Doha, Qatar – The large Palestinian community in Doha knew that having the globe’s attention on Qatar during the World Cup, the world’s biggest sporting event, was an opportunity, and one they do not get very often.
“The World Cup has given us a platform to make our voice heard,” Bader, a Palestinian based in Qatar, told Al Jazeera during a night of festivities in Lusail, home to Qatar’s biggest stadium, which will host the World Cup final.
Most Palestinians were out to make their presence felt, not just with the flags, but with their attire as well.
Bader wore a T-shirt with a map of Palestine and “Free Palestine” emblazoned on it, and had a Palestinian keffiyeh (scarf) and flag wrapped around his neck.
“People from all over the world are here in Qatar and when they see us dressed like this they come up to us and ask where we are from, since Palestine is not participating in the World Cup,” said Bader.
“It gives us a chance to acquaint them with the situation in our homeland, show them our culture and narrate our history.
They know about Israel but not about Palestine. There was no Israel until it occupied Palestine.”
Nearby, a group of men and women gathered in a circle and a loud cheer went up as music began playing from a speaker. As the lyrics rang out, they began singing and dancing along to a popular Palestinian song called Dammi Falastini (My Blood is Palestinian).
Bader explains that the song tells the story of Palestine.
“The lyrics are heart-wrenching and sad, but because the Israeli occupation and our inability to be in our homeland is a part of our lives, we celebrate our identity by singing and dancing along to such songs.”
Bader, who was barely audible over the loud singing and cheering, pointed out a few Moroccan, Tunisian, Egyptian and Qatari flags amongst the crowd.
“They are not Palestinian but when they hear this song or spot our flag, they are pulled towards it, as being Muslims they support our cause and feel our pain,” he explained before going on to join the group.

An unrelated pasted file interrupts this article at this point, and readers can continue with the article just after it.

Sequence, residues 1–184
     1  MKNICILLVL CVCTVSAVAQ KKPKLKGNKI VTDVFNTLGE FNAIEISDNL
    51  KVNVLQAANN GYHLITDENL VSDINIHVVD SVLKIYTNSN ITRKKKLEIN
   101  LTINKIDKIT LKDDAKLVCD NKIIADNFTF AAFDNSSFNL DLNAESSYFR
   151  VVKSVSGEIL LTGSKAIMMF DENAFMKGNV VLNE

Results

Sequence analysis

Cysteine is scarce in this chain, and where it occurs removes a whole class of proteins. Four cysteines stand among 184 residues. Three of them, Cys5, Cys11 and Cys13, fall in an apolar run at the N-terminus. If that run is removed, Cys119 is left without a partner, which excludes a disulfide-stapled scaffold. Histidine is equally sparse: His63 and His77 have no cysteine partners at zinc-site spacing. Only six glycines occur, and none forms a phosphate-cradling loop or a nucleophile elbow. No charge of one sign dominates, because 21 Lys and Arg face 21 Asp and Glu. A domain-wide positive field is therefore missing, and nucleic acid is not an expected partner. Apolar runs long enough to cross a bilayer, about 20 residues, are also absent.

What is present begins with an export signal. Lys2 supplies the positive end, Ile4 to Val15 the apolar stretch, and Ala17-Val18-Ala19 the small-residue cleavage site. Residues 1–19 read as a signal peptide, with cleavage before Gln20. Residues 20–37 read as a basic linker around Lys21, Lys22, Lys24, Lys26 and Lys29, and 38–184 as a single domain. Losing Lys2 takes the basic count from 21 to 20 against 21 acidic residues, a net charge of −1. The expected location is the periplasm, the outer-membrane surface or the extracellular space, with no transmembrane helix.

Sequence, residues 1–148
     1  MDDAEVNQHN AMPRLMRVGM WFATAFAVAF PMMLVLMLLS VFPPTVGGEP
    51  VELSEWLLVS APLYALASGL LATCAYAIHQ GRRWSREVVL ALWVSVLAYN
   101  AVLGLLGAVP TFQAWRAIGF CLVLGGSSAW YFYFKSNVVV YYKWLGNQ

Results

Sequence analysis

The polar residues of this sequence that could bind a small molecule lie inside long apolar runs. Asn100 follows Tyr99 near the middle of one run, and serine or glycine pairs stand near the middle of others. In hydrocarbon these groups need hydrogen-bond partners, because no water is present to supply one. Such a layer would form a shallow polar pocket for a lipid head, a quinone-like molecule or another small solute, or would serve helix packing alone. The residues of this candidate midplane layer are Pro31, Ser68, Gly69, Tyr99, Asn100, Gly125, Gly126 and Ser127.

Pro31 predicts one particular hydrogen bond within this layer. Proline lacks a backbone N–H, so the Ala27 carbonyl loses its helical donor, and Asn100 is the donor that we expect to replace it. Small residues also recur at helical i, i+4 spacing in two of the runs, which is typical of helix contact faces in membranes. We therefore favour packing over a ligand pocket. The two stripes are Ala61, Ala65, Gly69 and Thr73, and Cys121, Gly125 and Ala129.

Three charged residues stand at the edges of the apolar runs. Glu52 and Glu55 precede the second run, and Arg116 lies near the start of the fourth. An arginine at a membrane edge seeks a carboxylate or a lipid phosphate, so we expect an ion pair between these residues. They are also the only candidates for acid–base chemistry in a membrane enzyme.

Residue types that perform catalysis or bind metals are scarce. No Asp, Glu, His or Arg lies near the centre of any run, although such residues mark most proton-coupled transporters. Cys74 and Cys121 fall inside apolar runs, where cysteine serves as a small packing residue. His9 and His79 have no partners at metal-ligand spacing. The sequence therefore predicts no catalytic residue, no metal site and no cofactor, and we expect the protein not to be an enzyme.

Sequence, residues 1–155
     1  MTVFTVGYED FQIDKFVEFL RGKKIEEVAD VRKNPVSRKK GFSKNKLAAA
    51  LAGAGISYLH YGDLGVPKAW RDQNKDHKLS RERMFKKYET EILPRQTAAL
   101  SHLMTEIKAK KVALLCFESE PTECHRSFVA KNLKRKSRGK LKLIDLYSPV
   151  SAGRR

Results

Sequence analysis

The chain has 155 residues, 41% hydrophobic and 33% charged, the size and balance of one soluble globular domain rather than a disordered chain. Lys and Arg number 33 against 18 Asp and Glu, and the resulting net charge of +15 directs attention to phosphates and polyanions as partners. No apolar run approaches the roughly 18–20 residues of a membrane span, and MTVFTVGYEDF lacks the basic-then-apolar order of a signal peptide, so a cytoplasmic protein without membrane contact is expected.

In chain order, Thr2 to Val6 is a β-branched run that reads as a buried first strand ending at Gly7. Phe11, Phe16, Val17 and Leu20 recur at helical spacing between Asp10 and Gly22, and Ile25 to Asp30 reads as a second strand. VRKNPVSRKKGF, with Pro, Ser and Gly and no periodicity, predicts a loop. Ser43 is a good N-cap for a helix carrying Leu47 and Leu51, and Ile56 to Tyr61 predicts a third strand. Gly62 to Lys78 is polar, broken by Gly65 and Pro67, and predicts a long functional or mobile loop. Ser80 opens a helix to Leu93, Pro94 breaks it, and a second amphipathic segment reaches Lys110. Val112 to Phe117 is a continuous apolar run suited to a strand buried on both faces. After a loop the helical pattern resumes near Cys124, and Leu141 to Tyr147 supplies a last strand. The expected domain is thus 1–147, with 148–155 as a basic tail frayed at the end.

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The Palestinian support has not just been limited to singing and dancing.
Social media posts show fans who, upon realising that they are being interviewed by Israeli media, have walked away from reporters. Meanwhile, others have seized the opportunity and shouted “viva Palestine!” into their microphones.
For the first time, direct flights between Tel Aviv and Doha have brought fans to the World Cup, despite the lack of official ties between Israel and Qatar.
“Putting our identity out there when the whole world is watching helps our cause,” said Asma Jaber, a Palestinian who has travelled to Qatar from the United States for the tournament.
Jaber, too, had a keffiyeh draped across her shoulders and a small Palestinian flag in her hands.
“To be able to show our identity openly and with pride is a unique feeling for Palestinians,” Jaber said, as she explained that she carried a Palestinian flag wherever she went, despite there not being many places in the world she feels comfortable waving it.
Her son Safwan had a large Palestinian flag tied around his neck. He held it up over his head and said, “this is my cape. It makes me feel like superman”.
Jaber grew up in a Jordanian refugee camp until she finished high school, and then moved to the US.
“My grandparents moved to Jordan in 1948, following the Nakba [catastrophe],” she said, referring to the forced expulsion of Palestinians in 1948 upon the creation of Israel.
Like millions of other Palestinian refugees, Jaber has never been to Palestine.
She looked around her as she stood in the middle of Lusail Boulevard, a wide road that runs from Lusail Stadium to the town centre. It has been pedestrianised and decorated with flags from participating nations.
“I can’t put into words how I feel when I see my flag being raised by so many people who are not from Palestine,” Jaber said.
She took a moment to hold back her emotions and said, “It’s as if all these people from around the world are saying, ‘We love you, we know you exist, and we are by your side.’”
“Palestinians often feel that they are facing the strongest powers in the world and fighting for their cause all on their own.
But seeing this support makes us feel stronger.”